7. Them! - probably plays better in the memory than on the screen. Some nice sequences, but some really clunking dialogue and a clunky lecture about ants in the middle of the show which just ground the film to a total dead stop. There was one moment in it that though that gave me a genuine shudder. It's fairly early in the film too. They'd just put the comatose, traumatised little girl in the back of the ambulance when our heroes hear the strange sound that they heard earlier. They turn to look out into the desert wondering what it can be and behind them, unseen by them, the little girl just sits up and stares out into the distance too - before lying back down again as the noise abates. I don't know why but that moment really jolted me. And, in a blink and miss it part, Leonard Nimoy was in it too

Note to self: Stop using 'clunky'. Find another word.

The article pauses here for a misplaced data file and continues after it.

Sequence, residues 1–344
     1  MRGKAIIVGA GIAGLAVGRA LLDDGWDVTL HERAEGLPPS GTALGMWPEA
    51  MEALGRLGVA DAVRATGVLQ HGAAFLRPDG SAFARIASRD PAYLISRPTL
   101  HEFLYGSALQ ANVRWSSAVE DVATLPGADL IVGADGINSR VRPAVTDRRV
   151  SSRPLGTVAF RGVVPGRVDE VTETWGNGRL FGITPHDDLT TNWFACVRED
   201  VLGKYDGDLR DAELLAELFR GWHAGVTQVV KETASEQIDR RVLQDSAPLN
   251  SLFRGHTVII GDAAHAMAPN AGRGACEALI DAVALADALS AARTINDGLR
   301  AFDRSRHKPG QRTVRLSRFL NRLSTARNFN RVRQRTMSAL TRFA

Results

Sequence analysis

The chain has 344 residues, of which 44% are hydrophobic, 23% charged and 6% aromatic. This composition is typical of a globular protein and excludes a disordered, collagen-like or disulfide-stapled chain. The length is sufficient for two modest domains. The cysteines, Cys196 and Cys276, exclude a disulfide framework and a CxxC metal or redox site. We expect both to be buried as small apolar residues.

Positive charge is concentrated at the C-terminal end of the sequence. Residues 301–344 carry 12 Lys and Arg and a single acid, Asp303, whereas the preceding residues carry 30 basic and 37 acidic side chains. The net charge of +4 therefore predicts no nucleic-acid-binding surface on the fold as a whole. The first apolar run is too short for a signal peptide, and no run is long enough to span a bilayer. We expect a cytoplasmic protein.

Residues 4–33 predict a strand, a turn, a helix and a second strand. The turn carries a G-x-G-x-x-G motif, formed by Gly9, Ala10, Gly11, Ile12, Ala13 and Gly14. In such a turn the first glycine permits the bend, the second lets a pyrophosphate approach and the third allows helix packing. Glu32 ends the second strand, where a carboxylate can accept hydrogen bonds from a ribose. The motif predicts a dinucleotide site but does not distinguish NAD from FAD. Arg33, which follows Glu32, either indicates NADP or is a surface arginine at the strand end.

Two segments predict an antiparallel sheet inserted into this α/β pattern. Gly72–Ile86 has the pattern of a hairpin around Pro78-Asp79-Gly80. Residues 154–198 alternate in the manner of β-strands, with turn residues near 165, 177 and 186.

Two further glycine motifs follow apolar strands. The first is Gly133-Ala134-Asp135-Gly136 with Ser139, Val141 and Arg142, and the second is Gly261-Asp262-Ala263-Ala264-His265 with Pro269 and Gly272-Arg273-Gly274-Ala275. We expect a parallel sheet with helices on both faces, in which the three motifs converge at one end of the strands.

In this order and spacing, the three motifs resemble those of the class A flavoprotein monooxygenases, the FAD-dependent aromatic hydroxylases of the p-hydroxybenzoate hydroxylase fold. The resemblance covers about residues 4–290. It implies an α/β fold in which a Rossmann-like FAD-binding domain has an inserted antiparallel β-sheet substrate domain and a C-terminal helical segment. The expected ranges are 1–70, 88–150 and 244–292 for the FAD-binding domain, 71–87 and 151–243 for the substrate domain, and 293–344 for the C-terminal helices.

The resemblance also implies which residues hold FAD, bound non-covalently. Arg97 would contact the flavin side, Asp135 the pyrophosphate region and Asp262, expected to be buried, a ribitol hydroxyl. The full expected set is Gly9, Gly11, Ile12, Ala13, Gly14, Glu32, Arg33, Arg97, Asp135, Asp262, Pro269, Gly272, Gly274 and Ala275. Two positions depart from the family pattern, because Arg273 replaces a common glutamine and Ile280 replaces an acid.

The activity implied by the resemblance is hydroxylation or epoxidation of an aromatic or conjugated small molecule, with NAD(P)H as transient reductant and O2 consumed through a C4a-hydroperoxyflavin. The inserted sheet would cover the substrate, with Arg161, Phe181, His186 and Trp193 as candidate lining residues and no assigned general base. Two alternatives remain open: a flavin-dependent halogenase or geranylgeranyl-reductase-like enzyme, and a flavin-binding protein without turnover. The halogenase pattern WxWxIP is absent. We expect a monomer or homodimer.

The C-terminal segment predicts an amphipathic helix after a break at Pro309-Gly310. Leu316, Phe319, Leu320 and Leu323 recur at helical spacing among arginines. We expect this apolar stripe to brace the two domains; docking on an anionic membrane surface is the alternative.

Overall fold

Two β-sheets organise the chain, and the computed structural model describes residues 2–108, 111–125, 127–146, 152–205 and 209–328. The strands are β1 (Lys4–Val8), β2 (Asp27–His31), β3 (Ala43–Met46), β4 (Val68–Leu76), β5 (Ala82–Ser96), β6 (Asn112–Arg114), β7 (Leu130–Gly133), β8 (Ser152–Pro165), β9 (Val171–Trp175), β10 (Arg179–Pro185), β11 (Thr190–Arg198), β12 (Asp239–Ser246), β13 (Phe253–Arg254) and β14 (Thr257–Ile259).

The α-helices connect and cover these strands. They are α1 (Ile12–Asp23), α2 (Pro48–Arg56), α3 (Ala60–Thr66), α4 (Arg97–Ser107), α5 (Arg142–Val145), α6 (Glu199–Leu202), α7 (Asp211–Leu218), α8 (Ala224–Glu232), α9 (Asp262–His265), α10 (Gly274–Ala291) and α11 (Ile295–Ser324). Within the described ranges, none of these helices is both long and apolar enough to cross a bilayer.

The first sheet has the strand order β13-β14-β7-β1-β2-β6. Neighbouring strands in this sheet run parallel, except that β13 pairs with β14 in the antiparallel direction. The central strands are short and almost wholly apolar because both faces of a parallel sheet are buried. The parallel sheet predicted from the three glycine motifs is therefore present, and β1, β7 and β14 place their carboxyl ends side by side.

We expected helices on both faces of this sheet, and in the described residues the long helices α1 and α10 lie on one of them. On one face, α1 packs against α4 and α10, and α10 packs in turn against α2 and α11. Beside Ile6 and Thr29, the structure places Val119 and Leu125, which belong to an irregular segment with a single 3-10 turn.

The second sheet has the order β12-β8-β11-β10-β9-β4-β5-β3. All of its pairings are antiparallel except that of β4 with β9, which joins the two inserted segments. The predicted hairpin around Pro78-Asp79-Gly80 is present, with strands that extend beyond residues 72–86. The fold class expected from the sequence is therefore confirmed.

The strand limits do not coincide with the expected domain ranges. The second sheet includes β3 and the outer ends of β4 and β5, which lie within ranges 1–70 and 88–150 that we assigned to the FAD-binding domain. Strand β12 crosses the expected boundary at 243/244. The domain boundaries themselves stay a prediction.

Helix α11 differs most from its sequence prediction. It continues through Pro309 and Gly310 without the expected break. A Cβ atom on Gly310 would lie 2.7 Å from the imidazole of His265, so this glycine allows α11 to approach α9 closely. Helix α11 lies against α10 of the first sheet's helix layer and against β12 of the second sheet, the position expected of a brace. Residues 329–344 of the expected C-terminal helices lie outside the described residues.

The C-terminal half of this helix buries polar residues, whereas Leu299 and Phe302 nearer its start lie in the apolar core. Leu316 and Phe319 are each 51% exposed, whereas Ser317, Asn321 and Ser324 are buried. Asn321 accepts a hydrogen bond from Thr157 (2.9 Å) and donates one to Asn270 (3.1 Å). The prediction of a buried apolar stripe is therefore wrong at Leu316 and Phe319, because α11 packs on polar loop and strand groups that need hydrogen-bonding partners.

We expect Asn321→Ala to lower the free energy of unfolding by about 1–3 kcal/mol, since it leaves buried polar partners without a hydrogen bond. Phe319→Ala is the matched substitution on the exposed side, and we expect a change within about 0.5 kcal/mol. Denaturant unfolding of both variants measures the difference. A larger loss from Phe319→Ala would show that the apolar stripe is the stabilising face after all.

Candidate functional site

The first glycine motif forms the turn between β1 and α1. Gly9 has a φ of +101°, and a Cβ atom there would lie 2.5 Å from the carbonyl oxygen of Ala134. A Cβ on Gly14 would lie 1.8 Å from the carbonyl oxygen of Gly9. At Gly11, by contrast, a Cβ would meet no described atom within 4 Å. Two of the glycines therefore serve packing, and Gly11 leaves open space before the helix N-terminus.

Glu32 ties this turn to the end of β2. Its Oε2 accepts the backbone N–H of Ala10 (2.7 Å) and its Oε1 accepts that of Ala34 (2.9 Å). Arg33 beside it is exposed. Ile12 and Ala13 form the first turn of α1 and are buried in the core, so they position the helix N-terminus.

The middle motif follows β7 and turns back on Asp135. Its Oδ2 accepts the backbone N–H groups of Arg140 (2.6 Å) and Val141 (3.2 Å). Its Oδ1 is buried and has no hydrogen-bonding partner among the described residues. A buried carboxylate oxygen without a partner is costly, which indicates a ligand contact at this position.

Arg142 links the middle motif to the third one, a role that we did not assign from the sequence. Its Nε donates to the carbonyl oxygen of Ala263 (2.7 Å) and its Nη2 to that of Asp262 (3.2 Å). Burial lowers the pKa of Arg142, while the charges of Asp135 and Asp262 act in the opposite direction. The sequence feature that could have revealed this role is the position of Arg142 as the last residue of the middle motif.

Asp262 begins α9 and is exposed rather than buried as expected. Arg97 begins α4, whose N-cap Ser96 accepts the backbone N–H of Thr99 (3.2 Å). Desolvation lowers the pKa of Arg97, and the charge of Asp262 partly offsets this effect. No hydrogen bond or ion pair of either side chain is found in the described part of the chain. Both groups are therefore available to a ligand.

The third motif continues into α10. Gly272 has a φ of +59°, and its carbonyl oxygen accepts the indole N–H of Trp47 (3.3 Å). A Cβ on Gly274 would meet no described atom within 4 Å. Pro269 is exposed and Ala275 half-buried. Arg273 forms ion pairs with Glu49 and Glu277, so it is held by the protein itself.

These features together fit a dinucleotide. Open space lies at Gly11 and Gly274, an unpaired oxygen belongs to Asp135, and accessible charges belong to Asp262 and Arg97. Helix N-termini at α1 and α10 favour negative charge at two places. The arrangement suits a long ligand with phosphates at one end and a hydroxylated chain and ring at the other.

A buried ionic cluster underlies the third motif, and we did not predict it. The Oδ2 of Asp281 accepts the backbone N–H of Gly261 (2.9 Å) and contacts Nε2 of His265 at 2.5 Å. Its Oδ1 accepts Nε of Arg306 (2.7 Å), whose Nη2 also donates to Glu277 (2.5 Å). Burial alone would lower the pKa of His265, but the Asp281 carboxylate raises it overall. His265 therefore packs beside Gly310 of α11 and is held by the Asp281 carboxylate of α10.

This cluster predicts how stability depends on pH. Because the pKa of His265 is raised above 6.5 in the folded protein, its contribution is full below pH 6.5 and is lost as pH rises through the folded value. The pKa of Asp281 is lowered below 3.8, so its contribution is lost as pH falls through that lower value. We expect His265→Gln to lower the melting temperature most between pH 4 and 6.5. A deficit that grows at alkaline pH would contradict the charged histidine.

1. Escape From Earth (original title Future Justice 2014) - In some ill-defined future a prisoner who glories in the name of 'Python Diamond' (I kid you not) is shipped from a holding facility around Saturn (where for some inexplicable reason he has been held in cryo-sleep for five years before being shipped to Earth for execution). When the ship arrives home the crew finds a nuclear war has taken place in their absence - without them noticing, or being informed, or anything. How? It's not as if these people had gone anywhere where some form of two way communication with Earth was impossible - especially for a military vehicle. No one listened to the news? No one at Ill-Defined Military High Command sent them any kind of updates? Orders? Warnings? Anything? Another film that assumes the audience is as stupid as it is. Anyhow - blah blah blah hand wavy stuff- the whole of civilisation gone to pot so our crew go down to investigate. No one at the script stage thought to think there might be any off world bases or any other infrastructure to check out first? No manned orbital facilities? no Lunar bases? anything? No. Just a prison on a moon of Saturn and Earth. That's it. Anyhow the five members of the crew and their prisoner shout at each other a lot and get all testosterony at each other and the director gets so excited by his actors shouting at each other that he sometimes forgets to point them at each other so they seem to have shouty conversations with the backs of each other's heads. They arrive to find a group of survivors in a warehouse who stand about and fill them in on all the back story that we should have got earlier in the show. Blah Blah... nuclear bombs... blah blah... waves of refugees... blah blah... everyone sterile... blah blah... more bombs... end of the human race... blah blah... but suddenly! the Mad Max Appreciation Society from the next block turn up and everyone gets to play Assault on Precinct 13 for the rest of the stupidly long 80 minutes.